Collars for the Ring The most recent revision of the Obedience Regulations completely liberalized our choice of collars, with a few exceptions. The collars specifically prohibited are pinch collars, electronic collars and, through a later communication from the AKC, head halters. This means that you can choose a buckle collar, a cloth collar with a plastic snap or a choke collar of any color or material. The restrictions still imposed are that the collar be "properly fitted" and that there be nothing hanging from it. The Regulations also state that "No visible means of identification...may be worn or displayed by anyone..." The reason for this restriction is that the whole process of judging is supposed to be objective, so the judge is not supposed to know the identity of any dog or handler. This is laughable, as anyone who shows long enough to meet the requirements to become a judge is going to know the top handlers and dogs in their area, but I guess the concept of objectivity is worthwhile. My point in mentioning this is to tell you that it's not a good idea to use a collar with your dog's name either printed on it or displayed Read More
As I watched one of my students vigorously stroking and patting her big Gordon Setter, it was clear to me that only one of them was enjoying this activity. The dog had his ears plastered back, his jaw set and was trying to pull his head away from her massaging fingers. I asked the woman if her dog usually came up to her and solicited petting at home. She thought for a moment and then said that it was rare. "So, " I asked, "why are you petting him right now?" She replied, "To let him know I'm pleased with him and that I love him." "Do you think he's enjoying it?" I asked. She looked down at the big guy, who was still trying to avoid her hands. "I never thought about it before," she said. I pointed out the things I had observed. She was flabbergasted and said, "I never noticed those things. Now what do I do?" That was a tough question. She was trying to motivate her dog, but all she was really doing was annoying him. It had not occurred to her to observe her dog's response to stroking and handling, and to see that while Read More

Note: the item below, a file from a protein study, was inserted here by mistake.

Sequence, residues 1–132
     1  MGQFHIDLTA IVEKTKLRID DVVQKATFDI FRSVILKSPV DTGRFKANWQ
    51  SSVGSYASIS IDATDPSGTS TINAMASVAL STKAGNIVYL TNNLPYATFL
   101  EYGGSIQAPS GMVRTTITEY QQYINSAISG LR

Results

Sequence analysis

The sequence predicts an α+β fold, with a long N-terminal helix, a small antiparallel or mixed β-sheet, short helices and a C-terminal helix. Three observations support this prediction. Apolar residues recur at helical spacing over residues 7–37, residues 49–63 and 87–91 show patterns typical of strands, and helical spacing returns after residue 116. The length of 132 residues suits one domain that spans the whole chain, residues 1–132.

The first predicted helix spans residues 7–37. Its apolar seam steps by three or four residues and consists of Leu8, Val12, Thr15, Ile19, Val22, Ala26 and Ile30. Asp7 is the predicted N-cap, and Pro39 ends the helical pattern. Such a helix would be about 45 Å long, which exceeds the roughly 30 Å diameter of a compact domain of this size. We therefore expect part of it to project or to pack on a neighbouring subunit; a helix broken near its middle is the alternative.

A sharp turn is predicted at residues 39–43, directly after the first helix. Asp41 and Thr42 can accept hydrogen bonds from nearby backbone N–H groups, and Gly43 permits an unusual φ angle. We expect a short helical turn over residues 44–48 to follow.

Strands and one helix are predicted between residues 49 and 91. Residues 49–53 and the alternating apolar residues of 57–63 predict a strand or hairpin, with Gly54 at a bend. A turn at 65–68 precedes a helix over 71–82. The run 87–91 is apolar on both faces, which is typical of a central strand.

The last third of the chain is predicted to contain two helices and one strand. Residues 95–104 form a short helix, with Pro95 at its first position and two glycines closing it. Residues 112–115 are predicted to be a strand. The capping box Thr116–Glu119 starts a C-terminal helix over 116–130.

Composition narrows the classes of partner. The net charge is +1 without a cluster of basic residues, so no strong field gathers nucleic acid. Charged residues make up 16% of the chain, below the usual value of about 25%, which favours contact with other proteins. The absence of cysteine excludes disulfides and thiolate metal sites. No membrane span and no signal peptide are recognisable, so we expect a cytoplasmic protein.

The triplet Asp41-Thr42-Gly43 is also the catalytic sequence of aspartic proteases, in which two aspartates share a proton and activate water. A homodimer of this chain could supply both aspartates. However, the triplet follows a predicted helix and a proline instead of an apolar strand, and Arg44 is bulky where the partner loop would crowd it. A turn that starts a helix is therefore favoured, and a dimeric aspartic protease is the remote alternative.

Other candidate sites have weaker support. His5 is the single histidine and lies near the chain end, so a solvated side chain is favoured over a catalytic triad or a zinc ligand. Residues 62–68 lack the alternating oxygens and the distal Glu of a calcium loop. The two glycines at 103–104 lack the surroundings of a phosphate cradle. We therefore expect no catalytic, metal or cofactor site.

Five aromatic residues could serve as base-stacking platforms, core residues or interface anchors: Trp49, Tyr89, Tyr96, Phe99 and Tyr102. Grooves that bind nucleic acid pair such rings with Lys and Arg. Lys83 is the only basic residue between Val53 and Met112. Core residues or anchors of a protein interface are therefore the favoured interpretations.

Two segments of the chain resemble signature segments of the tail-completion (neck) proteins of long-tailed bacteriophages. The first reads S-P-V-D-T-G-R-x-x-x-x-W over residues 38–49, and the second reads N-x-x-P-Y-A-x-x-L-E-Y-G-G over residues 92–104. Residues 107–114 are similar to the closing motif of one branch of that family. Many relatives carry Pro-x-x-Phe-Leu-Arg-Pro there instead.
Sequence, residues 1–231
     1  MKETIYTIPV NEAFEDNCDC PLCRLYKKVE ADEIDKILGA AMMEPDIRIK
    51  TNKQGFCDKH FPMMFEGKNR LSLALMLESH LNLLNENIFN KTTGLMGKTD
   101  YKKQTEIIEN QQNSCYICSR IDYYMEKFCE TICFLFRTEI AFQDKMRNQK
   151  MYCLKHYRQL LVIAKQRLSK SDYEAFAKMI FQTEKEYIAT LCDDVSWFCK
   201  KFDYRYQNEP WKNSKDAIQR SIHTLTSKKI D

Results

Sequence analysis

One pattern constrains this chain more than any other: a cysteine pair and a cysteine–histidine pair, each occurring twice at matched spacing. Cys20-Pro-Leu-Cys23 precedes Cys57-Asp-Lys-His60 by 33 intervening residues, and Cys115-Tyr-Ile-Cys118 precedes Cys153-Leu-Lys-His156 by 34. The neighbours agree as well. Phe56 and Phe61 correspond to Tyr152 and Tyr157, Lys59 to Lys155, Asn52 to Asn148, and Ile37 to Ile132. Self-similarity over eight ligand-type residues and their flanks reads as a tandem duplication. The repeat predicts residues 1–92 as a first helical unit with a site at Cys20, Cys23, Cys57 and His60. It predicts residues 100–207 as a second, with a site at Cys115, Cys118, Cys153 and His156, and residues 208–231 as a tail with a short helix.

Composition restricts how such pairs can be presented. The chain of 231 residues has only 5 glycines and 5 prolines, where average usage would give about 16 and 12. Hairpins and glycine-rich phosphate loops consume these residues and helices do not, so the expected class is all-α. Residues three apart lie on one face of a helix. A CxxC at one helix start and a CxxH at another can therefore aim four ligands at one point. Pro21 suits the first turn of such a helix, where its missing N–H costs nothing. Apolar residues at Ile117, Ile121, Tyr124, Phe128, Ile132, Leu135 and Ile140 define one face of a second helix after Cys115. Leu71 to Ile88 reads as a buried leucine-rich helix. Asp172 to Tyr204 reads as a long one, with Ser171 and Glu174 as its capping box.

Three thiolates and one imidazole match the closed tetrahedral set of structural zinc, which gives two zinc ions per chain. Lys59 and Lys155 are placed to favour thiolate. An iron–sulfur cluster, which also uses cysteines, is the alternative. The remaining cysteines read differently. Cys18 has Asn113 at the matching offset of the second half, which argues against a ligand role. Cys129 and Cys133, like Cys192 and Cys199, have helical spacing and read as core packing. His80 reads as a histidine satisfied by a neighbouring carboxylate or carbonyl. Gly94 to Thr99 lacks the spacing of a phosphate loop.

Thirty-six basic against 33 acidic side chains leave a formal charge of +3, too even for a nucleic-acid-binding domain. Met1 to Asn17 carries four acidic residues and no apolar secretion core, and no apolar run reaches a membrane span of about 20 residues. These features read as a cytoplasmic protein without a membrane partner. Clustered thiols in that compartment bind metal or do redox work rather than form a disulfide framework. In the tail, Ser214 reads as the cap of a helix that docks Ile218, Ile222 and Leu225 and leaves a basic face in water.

I've said it here before: specific words don't really matter in dog training because dogs don't speak English (or French, or Swahili or any other human language).  Dogs learn to associate certain sounds with certain actions for which they've been rewarded or punished. For example, after a number of repetitions, Rover figures out that when his human makes the sound "sit", he (Rover) has better get his fanny on the floor. How many repetitions it will take depends on a number of factors, including the way the connection of the sound and the behavior is made by the two-legged member of the team, how innately rewarding the behavior is to the dog, how bright and how willing the individual dog is, how persistent the human is, and more. This is pretty common sense stuff, but many people still persist in believing that there is some kind of magic in finding just the right word that will make Rover perform. And if that magic word doesn't work, these folks think, it's because they didn't say it loud enough. Or often enough. Which nonsense brings me to this topic, the judicious use of words. I'm not a clicker trainer, but I certainly Read More
  • Not just a brag, not just a stepping stone to a higher title, not just an adjunct to competitive scores;
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  • The first Terv to earn the OTCH, MACH and CH The following was written by Julie Symons, proud owner-handler of